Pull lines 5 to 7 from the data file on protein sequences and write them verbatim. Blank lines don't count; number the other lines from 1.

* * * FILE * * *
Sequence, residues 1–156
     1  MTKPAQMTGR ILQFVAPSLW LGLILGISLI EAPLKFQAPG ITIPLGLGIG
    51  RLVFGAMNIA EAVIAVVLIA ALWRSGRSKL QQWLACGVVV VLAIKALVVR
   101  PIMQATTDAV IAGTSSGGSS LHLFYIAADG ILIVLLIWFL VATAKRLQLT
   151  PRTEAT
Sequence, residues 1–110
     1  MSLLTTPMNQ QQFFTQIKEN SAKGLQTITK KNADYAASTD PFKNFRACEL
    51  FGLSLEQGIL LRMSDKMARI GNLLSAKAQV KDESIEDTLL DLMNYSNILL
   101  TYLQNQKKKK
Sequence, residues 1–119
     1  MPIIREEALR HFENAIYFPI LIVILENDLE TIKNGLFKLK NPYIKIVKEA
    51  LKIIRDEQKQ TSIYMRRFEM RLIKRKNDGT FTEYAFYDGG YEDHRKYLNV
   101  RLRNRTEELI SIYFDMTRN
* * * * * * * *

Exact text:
   151  PRTEAT
Sequence, residues 1–110
     1  MSLLTTPMNQ QQFFTQIKEN SAKGLQTITK KNADYAASTD PFKNFRACEL